20. Doddi Buddi Says:

    Very sad! This is a very good site:

    Check it out!

  21. Dr Kiran Acharya Says:

    Arm chair aviation experts, please take note:
    Mangalore airport is now 60 year old.
    From the past 4 years there have been more than 32,000 landings.
    Accidents by definition are not intentional.
    However air crashes get the coverage for being spectacular.
    We should leave the analysis to the investigators, before jumping into conclusions.
    As pointed by some reader, self styled environmentalists with doubtful integrity have caused more harm to our country than the environmental disasters!

  22. Anonymous Guy Says:


    Good points. Maybe we pay attention only when people like ourselves suffer. Who cares about the guy on luna.

    Wish the underlying problem behind the air crash is fixed.

  23. harkol Says:

    Vince Ullal:
    >Which fool would risk his own life if he knew runway is dangerous?

    I did! and that doesn’t make me a fool.

    I know that there is a 1/100 chance that each roadtrip I make to Mangalore will result in an accident. But, I won’t stop doing road trip, that doesn’t mean I want that odds to be reduced further down.

    The point is having the airport on a hill top was unwarranted in Mangalore. And saying so isn’t about blame game, it is about not wanting to perpetuate a mistake done some 40 years back.


    Kiran Acharya:
    >Accidents by definition are not intentional.

    But, that doesn’t make accidents acceptable. We have atrocious records in safety in almost all spheres. Road/Railways/Airports even Buildings. Asking for them to be fixed is doesn’t make some one sinister.

    How about the carlton towers fire in Bangalore? Surely that wasn’t intentional too..

  24. Pagan Says:


    My only point was that some of our ministers are busy in doing all things other than their assigned work.
    As tsubba has pointed out for most of us it is an emotional ride.

  25. Indu Ramesh Says:

    As Dr.Acharya says, Accidents, by definition are not intentional. Please wait for the investigation to be complete, let us see what the real experts say and then start the blame game. A friend of mine said yesterday that the accident could have been the result of a bomb placed on the tarmac!. I shut him up. But I am sure by now at least 20 persons have been convinced of his idea.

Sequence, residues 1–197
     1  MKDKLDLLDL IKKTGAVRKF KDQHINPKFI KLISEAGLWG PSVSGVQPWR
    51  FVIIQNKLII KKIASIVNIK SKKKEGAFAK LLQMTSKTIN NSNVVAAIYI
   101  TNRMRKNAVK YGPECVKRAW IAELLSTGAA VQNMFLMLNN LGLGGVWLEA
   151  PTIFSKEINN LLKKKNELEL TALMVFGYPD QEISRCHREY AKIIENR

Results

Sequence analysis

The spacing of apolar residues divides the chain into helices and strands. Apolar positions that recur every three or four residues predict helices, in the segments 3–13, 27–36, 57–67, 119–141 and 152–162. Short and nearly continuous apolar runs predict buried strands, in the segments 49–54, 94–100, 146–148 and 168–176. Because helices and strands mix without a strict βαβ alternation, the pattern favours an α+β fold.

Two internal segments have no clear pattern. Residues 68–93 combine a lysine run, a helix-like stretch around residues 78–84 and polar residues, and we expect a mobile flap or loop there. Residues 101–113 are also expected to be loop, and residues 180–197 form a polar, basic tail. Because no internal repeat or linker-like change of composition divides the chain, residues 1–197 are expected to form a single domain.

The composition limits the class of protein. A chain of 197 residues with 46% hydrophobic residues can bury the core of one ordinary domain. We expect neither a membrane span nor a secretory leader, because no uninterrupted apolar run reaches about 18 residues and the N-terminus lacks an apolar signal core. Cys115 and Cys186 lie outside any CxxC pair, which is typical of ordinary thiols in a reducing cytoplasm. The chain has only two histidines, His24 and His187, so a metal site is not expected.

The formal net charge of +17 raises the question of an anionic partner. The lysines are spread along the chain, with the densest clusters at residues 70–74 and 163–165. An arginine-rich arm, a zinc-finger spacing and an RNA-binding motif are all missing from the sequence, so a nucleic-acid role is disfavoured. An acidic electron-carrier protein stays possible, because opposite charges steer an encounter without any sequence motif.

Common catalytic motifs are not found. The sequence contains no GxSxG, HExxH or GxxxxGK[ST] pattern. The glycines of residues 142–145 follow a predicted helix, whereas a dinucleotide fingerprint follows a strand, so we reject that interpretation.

26. Pagan Says:

    Regarding most of us reacting differently to a luna accident and a plane crash –

    maybe that’s how human mind works? It likes magnificence. Everyday people get killed by terrorists in Kashmir. How do we react? Not even candle marches or dossiers. But a Mumbai like attack gets all the attention. why? Because of the scale of attack. If 100 lunas are run over by 10 lorries at the same time, then it will catch our attention. Are our minds hardwired to act like this? The reaction of the mind is proportional to the magnitude and frequency of the event.

    Churumuri has 7 posts about this accident. What if 2 people had died and not 158?

  27. harkol Says:

    >What if 2 people had died and not 158?


    That’s the crux of the matter. If the plane had overshot the runway, but not fallen of the cliff, 158 people wouldn’t have died, and it may not have caused this much of anguish.


    >Praful Patel may be held guilty for a lot of things, but this does not seem to be one of them.

    The basic trouble with the new runway at Mangalore is that, they wanted to build it at the same place at the old airport. It isn’t too much to ask for a good airport.

    I keep hearing arguments like there are more tougher runways in India – which is true. But, all of them are in hilly regions where you won’t get a longish flat land for building the airport. Not so in Mangalore. with a bit of effort you’ll be able to identify places, that are flat and wide for 8-10km.

    It was just that the cost factors, and ofcourse vested interests that came in the way..

  28. Gouri Satya Says:

    Gokulam, informative posting. My question is when a safer site is available alternatively why build a table top, and risk the lives of air passengers.

  29. babuds Says:

    GS3, Thanks for the info, because of which we know

    1.Mangalore is a hill station like Simla, where plain land is not available and only we can have a Table Top airport there.

    2. DCGA is run by a bunch of knowledgeable saints with halo who have approved the air strip with all the standards you have mentioned.

    But the link given by DB gives counterviews about DCGA. Read the extact below:
    This is just the start of things to come in Indian aviation. The likes of 9W, KF are not far, as training standards are eroded to the point of embarassment.

    What is not helping is the climate offered by the regulatory body (DGCA) which is run by a bunch of incompetant people that only have ‘union’ experience. Their only way to control aviation in India is by fear and corruption. Due to archaic regulatory processes, AIC’s are issued with no thought. The people in control are tyrants who love their image and are way beyond their depths. SAFETY is no consideration because they do not know what it actualy means. Their own operation needs scrutiny before they can legislate. As long as they continue these sycophants will drive Indian aviation further into the ground.


  30. Shetty R Says:

    Praful Patel did not quit earlier when there were allegations of massive amounts of corruption in civil aviation privatization. More recently he refused to quit again when IPL targeted corruption was revealed and his daughter was proven to personally run Indian Airlines according to her and IPL’s needs!

    Despite the resignation letter drama’s now common within this Govt, the same crooked politician who is currently shedding crocodile tears, will surely continue despite the worst tragedy in a decade and the loss of almost 160 innocent life’s and children